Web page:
Theo Ratliff was one of the best shot blockers of his time, swatting 3.3 shots per game from 1997-2004 on his way to two NBA All-Defensive 2nd Team selections. Ratliff is the only other name in this group to be named to an All-Star squad (2001), but he was unable to participate due to injury as he would go on to miss 32 games that season.

Former Celtics James Posey (I miss him in Boston so much) and Gerald Green have played well with heavy minutes, along with guys like Quentin Richardson and Jason Collins. John Wallace had a couple of solid years in Toronto from 1997-1999, but generally found himself as an end-of-the-bench journeyman, and JaVale McGee is falling down a similar path.

Chris Anstey, Curtis Borchardt, Oleksiy Pecherov, Chris Singleton and Mirsad Turckan never worked out but while number 18 hasn't produced a whole lot of stars over the last 20 years, a good chunk of them have become viable options that have earned consistent spots in their team's rotation.


Accumulative Stats (Last 20 #19 Overall Picks): 8.6 PPG - 4.4 RPG - 1.3 APG

All-Stars: 3 - Zach Randolph (2), Jeff Teague (1), Jamaal Magloire (1)

There isn't much of a difference between the success rate of number 19 picks versus players who have been taken 18th overall. Two-time All-Star Zach Randolph is naturally the enforcer of the pack, as Z-Bo has been dominating the paint for over a decade. From 2003-2015, the big fella has put up 18.7 points and 10.4 rebounds per game along with being one of the most difficult bigs to deal with when the ball is in his hands.

Remember that time Jamaal Magloire beat out LeBron James for the final spot on the 2004 Eastern Conference All-Star roster? Granted, LeBron was only 19 years old on a losing team at the time and the East squad was in need of a center off the bench, but that's hilarious looking back at it. In Magloire's defense, he put up 13.6 points and 10.3 rebounds per game that season and it was more like 16 and 12 in the second half of the season. Jeff Teague has had a lot of success in his young career, as well, earning his first All-Star appearance this season while he helped lead the Atlanta Hawks to the best record in the Eastern Conference, which nobody expected.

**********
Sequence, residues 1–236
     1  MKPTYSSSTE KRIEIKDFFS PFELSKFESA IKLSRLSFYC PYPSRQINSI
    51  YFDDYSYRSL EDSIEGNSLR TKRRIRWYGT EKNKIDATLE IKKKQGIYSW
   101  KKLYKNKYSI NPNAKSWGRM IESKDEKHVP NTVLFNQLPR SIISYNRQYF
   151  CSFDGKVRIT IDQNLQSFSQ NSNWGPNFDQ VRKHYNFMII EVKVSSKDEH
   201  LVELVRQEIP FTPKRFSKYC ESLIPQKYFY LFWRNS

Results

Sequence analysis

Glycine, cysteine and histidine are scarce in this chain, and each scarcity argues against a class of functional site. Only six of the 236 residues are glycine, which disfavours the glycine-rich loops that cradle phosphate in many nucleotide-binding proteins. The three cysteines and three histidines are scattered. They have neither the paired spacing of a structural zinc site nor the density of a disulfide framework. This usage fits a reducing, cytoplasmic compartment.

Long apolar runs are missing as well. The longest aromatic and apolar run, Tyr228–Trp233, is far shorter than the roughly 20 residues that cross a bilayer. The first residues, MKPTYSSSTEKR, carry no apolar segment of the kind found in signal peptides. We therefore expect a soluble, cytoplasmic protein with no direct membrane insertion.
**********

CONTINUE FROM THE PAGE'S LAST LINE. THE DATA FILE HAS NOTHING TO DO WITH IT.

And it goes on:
Tobias Harris and Avery Bradley have turned themselves into consistent starters, while J.J. Hickson was a walking double-double and a four-year starter before tearing his ACL at the end of last season. Pat Garrity put together a nice run as a key piece to Orlando's rotation, Hakim Warrick quietly averaged 10 points per game over a six-year span where he played above 20 minutes each contest and Dorell Wright has stuck around for over a decade. Even Sasha Pavlovic did a decent job when he was given a shot in Cleveland a few years back.

Former Celtics Scot "Planet" Pollard and the one and only Walter McCarty were also relied on to produce off the bench once upon a time. In all likelihood, Tommy Heinsohn will never read this but we can't mention Walter and act like we don't want to yell. I'll do it for you, Tommy - I... LOVE... WALTER!

I'm not sure I love how how things turned out for Randolph Childress, Javaris Crittenton, Quincy Douby, Ryan Humphrey or Quincy Lewis, but hey, we're talking about the 19th pick in the draft.


Accumulative Stats (Last 20 #20 Overall Picks): 8.0 PPG - 3.8 RPG - 1.7 APG

All-Stars: 2 - Zydrunas Ilgauskas (2), Jameer Nelson (1)

Once you reach the late-first round, any kind of success with your pick is gravy as it isn't easy finding quality pieces at the end of the draft. Every year, there are diamonds in the rough to be discovered but once you reach this spot in the draft, there's more "rough" to weave through. The 20th position backs that up, as it hasn't been nearly as successful as the rest of the rest of the mid-first round.

Zydrunas Ilgauskas and Jameer Nelson are really the only two number 20 picks to serve as high impact players over the last 20 years, while Speedy Claxton and Brendan Haywood each had their moments to shine as consistent starters. Donatas Motiejunas had an excellent year starting in 62 games for the Rockets this season, where he accumulated 12 points and 5.9 rebounds per contest, and Evan Fournier put up 14.2 points per game in 32 starts for Orlando. After those names, you're looking at a lot of fringe rotation options and a cast of disappointing careers.

Guys like Dion Glover, Dahntay Jones and Jason Smith and have helped their teams in smaller roles, but the rest of the pack is very underwhelming - James Anderson, Renaldo Balkman, Jason Caffey, Paul Grant, Julius Hodge, Roshown McLeod, Kareem Rush and so on.

Number 20 has failed more general managers than it has made look good.

Be on the lookout for Part 4 of this series, where we'll explore the last 20 years of draft selections 21-30 tomorrow afternoon.